Brands and Othering: a Study of Children’S Social Identity Formation

Brands and Othering: A Study of Children’s Social Identity Formation This paper examines the role brands play in the formation of children’s social identities. Identity is something that is under constant change and formed through similarities and differences to the Other. In this process, brands play a prominent role. Our study shows that children construct their social identities largely through articulating difference from and similarity to others. In focus group discussions, children were found creating a world through discourse, in which some were included and others excluded. These discursive practices of exclusion and inclusion through which the children constructed their identities were performed on three levels: peers, reference groups and cultural models.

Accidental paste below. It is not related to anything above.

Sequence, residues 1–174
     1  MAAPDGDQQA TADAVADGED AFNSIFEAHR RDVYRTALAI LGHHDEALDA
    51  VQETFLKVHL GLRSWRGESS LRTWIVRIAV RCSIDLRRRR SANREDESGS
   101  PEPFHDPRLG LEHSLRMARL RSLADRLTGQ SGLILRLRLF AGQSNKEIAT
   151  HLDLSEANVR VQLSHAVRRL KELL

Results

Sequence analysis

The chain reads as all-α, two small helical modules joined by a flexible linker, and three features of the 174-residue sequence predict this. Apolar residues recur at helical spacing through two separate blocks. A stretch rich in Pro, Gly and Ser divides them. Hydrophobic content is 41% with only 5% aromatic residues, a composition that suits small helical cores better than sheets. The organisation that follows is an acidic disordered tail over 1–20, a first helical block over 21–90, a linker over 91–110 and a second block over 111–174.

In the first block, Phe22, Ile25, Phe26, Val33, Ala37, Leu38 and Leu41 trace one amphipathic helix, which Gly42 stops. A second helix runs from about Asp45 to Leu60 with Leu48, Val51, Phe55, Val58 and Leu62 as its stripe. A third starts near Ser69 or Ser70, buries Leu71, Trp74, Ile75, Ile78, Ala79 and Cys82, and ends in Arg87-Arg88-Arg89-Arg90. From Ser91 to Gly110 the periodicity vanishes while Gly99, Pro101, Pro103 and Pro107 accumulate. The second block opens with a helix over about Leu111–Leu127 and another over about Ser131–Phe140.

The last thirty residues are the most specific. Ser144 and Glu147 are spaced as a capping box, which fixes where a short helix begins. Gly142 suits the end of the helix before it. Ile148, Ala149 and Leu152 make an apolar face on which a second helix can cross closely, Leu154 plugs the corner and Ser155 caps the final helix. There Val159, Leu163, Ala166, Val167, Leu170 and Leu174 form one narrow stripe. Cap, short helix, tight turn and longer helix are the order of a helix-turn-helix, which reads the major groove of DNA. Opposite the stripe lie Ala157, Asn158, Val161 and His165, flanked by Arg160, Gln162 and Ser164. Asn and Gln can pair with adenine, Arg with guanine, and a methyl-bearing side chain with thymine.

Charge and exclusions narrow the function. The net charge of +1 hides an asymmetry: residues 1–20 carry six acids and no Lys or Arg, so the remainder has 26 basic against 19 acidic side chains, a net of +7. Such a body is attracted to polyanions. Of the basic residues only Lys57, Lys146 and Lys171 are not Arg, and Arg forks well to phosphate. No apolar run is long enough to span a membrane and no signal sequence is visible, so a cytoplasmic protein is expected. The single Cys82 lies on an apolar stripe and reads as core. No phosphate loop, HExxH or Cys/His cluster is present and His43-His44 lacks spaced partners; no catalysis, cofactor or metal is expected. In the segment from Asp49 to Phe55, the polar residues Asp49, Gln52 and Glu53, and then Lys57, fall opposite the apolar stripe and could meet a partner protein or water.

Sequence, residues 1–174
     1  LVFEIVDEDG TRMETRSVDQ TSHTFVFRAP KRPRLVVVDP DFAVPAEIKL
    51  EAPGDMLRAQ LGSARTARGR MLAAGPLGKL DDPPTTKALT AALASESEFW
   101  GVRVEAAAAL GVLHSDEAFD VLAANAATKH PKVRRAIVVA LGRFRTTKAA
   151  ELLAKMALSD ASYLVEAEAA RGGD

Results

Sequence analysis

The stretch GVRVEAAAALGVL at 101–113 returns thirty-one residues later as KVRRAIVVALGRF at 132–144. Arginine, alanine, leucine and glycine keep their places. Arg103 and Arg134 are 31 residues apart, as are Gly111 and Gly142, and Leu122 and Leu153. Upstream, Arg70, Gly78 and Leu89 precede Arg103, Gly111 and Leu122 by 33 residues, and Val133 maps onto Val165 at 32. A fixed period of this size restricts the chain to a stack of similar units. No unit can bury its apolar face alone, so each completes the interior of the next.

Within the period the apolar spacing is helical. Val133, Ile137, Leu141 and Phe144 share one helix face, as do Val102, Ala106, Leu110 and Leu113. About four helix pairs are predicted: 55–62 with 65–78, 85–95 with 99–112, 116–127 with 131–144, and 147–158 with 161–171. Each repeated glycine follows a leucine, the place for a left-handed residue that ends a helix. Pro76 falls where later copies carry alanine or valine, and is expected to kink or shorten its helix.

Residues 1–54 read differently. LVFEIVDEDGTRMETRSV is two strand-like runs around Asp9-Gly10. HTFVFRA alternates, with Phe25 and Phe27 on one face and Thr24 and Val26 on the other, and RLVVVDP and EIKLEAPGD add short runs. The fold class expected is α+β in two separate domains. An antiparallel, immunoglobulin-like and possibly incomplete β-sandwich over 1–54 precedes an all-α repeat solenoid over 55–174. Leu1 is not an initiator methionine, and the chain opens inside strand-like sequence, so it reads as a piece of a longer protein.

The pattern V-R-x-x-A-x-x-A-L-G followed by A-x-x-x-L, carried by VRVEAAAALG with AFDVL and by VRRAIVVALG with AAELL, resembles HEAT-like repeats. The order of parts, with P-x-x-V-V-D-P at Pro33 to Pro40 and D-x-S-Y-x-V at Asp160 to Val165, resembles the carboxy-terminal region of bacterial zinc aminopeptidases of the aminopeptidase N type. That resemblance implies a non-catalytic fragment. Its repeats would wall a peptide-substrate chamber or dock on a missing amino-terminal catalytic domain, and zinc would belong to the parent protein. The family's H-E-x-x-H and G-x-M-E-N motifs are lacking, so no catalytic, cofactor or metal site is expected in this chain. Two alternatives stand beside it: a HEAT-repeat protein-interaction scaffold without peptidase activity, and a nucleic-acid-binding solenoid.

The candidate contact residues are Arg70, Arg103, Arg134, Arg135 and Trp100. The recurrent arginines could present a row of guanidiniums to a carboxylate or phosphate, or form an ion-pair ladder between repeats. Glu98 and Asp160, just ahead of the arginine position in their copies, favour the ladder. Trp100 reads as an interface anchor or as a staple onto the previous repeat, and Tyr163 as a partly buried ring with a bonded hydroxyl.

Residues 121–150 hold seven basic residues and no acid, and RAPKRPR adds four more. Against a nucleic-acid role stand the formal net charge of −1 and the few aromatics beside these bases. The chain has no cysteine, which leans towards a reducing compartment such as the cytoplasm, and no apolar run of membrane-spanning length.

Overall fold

Citation:

Terhi Väistö, Johanna Moisander, and Sammy Toyoki (2011) ,"Brands and Othering: a Study of Children’S Social Identity Formation", in E - European Advances in Consumer Research Volume 9, eds. Alan Bradshaw, Chris Hackley, and Pauline Maclaran, Duluth, MN : Association for Consumer Research, Pages: 607-608.

Authors

Terhi Väistö, Aalto University School of Economics
Johanna Moisander, Aalto University School of Economics
Sammy Toyoki, Aalto University School of Economics



Volume

E - European Advances in Consumer Research Volume 9 | 2011



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